From City to Seaside, the Story of Little Ram Oyster Co.
From the perspective of the millions who get starry-eyed about the idea of moving to New York City, Stefanie Bassett and Elizabeth Peeples had it all. They had intriguing jobs, Bassett in advertising and Peeples in interior design, a happy marriage, and a wide network of interesting friends. But as they began to consider the next phase of their life, the pair realized they were looking for something that was quite the opposite of their life in the concrete jungle. “We knew we could have moved to another city, but while there are so many great cities around the world, they’re not New York,” said Peeples.
Their search for the inverse of the Big Apple picked up steam when they attended an oyster-shucking class with some friends. “Until that class we had just enjoyed oysters and didn’t really know much about them. But then we learned how great they are for the environment, how nutrient rich they are, and how good they are for your body. All of a sudden we were hooked,” said Peeples. A few months later, Bassett typed “oyster farm for sale” into Google and the pair went to tour a turnkey oyster operation on the North Fork of Long Island. “We put an offer down soon after, and the rest is history.”
Neither Bassett nor Peeples had any experience farming oysters, nor any kind of connection to the North Fork area. But this would-be obstacle only encouraged Bassett and Peeples to put in the work to show their neighbors they’re here for the long haul. “We bought a turnkey farm, meaning someone had already set it up. We understood that that was the way we needed to get into this industry because we didn’t have the background to start something from scratch. So I think it took a minute out here for people to determine, are these just women who want to have a cool hobby or are they really out there to get it?” said Peeples.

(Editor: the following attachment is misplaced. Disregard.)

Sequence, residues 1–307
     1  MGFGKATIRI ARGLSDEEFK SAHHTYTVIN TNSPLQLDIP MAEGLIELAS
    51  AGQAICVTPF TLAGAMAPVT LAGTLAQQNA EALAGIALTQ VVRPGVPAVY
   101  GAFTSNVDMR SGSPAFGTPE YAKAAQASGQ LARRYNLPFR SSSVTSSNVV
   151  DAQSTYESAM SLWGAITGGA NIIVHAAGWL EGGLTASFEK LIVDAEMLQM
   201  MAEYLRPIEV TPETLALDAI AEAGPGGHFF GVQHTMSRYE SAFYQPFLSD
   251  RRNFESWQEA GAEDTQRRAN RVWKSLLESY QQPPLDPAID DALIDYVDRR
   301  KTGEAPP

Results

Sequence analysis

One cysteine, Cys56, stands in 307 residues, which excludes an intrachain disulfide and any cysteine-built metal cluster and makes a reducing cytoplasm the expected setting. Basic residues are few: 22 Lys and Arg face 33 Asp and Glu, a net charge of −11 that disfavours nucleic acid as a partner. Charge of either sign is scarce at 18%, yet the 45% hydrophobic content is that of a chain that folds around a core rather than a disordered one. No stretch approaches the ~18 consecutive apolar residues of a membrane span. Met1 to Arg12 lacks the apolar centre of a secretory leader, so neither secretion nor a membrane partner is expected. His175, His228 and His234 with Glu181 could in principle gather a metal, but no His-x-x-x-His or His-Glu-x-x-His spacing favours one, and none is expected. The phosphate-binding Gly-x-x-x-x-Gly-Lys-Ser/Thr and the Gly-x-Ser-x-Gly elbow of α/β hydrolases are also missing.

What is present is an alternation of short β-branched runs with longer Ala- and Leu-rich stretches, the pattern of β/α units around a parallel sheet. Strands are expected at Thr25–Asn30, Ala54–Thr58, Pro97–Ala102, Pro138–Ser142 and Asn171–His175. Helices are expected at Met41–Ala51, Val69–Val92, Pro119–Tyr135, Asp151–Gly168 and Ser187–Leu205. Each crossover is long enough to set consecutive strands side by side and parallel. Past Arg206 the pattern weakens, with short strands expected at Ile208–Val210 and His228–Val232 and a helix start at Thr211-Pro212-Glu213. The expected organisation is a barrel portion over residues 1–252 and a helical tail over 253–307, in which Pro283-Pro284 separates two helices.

The recent COVID-19 pandemic also strengthened the couple’s relationships to their new community and accelerated the trust-building process with other farmers in the area. “Everyone has really come together to be supportive of each other. We are a small area out here, so the success of one farm is the success of all the farms,” said Peeples. North Fork boasts an impressive diversity of operations for its size, incorporating traditional land farming, oyster farming, fishing, vineyards, and wineries in its 30-mile stretch.
Although they’ve acclimated to their new lifestyle, the couple haven’t completely forgotten their urban roots, and they feel optimistic about the future of relationships between city residents and local farmers in New York state. Little Ram Oyster Company found its first customers in the city immediately after its founding and until recently were making weekly trips in for deliveries. They are now shipping orders in to comply with COVID-19 safety regulations.
Peeples hopes that the North Fork area will eventually establish a reputation similar to that of the Hudson River Valley, another agricultural region of New York state. “Everyone sees the Hudson Valley as a really rich, fertile area, and Long Island is as well, especially out our way on the North Fork and the South Fork. And here we also bring aquaculture and fishing into the mix,” said Peeples. She envisions a network of buying and selling that would promote fresh and local food for all New York residents. “If you look at it, the Hudson Valley is two hours away from the city and the North Fork is also about two hours away, so you end up with the city as a hub where a lot of people are interested in supporting local purveyors, sourcing locally, eating locally. All of those things become really kind of easy not only for the consumer, but for the farmer as well.”
Peeples’ prediction is one of mutually beneficial connection and support between the city center and the surrounding agricultural communities. There is much to be gained on either side, as it was Peeples’ attuned ear to the happenings of the city that led her to apply for American Farmland Trust’s Farmer Relief Fund. “I found out about the Farmer Relief Fund grant through ‘Edible Manhattan.’ The city can be a hub of agricultural support. It can be a central point for actively seeking and supporting local products, farmers, and small businesses.” Perhaps the state itself is not so different from the peninsula of the North Fork, where a colorful array of diverse farming operations equate the success of their neighbor with success of their own.